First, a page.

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I found myself in a dilapidated Chicago airport on a damp and dingy Friday in February 2001 without a plan, without a debit card, and frankly, without a clue. The freezing winds somehow didn’t feel terribly cold, I had traveled light, and I had to figure out quickly how I was going to make the fifty mile trek to J.J. Kelley‘s, a dank little dive bar spitting distance from a neighboring state. The snow, of which I’ve seen precious little in my lifelong home state of Texas, had melted and refrozen several times over, and had turned into a disgusting muddy slush as it emulsified with dirt, engine oil, and tire grime.

I eventually made it to J.J. Kelley‘s and ended up sharing a hotel room with a group of fellow Texans who, unlike me, were old enough to rent a car back then. The venue itself was unremarkable, with a capacity of about 350 and with a low ceiling that would prove to be the bane of Tom S. Englund‘s existence. Oh yeah, did I mention a few bands were playing? Three sets over the course of a day and a half featured the likes of Englund‘s outfit Evergrey, New Jersey luminaries Symphony X (who had replaced Nevermore), Bay Area beasts Zero Hour, Colorado old-schoolers Jag Panzer, and Swedish deities Pain of Salvation. Also on the bill were lesser-known but promising American acts like Reading Zero, Onward, and fellow Texans Power of Omens and Destiny’s End

The setting was meh, but the weekend was nothing short of magical. Roughly half the bands that mattered most to me were all gathered under one roof, playing their asses off to the shit-eating delight of a small but extraordinarily enthusiastic crowd. Metal festivals were hardly anything new; Donington had been enormous, Wacken was gargantuan, and Reading is literally as old as my dad is. Stateside, we had the Milwaukee Metalfest, which hosted roughly a hundred mostly death metal bands over the course of a weekend, and Ozzfest, a touring festival that focused on radio-friendly “metal.” But there was nothing prog-centric, and few power metal bands played at Milwaukee.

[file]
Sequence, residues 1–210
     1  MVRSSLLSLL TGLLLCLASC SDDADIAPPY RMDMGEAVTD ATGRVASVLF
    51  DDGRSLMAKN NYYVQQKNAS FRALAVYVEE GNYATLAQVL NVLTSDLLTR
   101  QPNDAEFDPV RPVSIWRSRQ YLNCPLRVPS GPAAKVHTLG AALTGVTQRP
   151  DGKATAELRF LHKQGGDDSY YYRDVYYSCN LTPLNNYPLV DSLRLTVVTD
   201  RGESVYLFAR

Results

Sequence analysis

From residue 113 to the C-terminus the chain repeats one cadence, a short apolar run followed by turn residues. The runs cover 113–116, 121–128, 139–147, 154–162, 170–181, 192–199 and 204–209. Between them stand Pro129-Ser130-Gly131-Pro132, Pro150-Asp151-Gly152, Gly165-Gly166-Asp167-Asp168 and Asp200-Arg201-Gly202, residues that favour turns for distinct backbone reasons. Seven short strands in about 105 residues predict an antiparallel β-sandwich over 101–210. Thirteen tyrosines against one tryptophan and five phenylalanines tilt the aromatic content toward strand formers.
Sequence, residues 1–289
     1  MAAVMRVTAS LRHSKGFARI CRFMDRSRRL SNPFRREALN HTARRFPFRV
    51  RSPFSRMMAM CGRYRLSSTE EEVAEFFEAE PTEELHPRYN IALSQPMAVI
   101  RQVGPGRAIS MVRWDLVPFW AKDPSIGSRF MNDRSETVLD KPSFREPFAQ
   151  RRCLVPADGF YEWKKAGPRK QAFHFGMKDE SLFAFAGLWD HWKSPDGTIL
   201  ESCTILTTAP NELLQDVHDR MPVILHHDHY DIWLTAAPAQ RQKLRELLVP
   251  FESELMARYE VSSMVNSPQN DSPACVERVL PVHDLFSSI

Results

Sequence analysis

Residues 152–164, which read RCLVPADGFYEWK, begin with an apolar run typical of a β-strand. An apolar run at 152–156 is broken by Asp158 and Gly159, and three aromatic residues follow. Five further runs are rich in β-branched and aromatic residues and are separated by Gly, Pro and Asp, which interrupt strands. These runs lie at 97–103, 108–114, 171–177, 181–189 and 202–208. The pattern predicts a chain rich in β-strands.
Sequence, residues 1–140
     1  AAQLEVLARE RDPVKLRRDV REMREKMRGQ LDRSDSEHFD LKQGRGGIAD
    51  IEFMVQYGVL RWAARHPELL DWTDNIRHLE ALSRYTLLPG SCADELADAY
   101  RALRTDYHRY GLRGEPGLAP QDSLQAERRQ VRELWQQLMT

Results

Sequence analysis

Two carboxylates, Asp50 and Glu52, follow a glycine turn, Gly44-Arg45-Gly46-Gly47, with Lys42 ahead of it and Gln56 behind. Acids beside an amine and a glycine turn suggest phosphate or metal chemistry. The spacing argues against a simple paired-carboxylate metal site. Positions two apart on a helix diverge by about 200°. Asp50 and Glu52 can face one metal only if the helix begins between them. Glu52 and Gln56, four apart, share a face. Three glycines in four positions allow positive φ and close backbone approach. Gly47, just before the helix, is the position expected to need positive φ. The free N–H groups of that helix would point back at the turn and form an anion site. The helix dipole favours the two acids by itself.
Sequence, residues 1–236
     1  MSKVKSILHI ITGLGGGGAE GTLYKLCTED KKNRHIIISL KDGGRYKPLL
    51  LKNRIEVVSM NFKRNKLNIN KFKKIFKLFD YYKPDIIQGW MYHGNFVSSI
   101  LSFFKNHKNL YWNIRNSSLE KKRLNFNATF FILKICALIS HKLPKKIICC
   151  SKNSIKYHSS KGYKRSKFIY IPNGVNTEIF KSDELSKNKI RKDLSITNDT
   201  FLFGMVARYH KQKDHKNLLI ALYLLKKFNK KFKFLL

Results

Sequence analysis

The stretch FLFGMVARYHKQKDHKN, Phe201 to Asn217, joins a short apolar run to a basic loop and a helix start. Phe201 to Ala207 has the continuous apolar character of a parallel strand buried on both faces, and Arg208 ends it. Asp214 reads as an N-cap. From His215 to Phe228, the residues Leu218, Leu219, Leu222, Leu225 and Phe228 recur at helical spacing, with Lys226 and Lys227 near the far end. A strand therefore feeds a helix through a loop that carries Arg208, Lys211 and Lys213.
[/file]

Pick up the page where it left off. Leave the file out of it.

Progpower USA creator Glenn Harveston

Necessity, they say, is the mother of invention. 

From so simple a beginning,  ProgPower USA was soon moved into a top-notch venue in Atlanta‘s trendy Midtown district, and began focusing on bringing talent over from abroad. Multiple sellouts and a number of high-profile headliners later, ProgPower is currently the undisputed king of American heavy metal festivals. With the twentieth edition of the festival rapidly approaching, we thought we would invite festival founder a promoter Glenn Harveston onto the podcast. Glenn graciously joins SP totalitarian overlord and festival photographer Joel Barrios, Sonic Perspectives contributor and Talking Perspectives founder Nick Andreas, and host Gonzalo Pozo to discuss the festival’s impact, longevity, and his looming retirement. Glenn also talks about his favorite of the many magical moments that have graced the ProgPower USA stage, lkijbvfkjdvb, and the many headaches caused by the Agency That Will Not Be Named. So have a seat, pop open a beer, and envision yourself in the esoteric weirdness that is the Artmore Courtyard while you scratch your head in appalled befuddlement while the panel and guest all manage to let an obvious Dream Theater reference fly right past them. 


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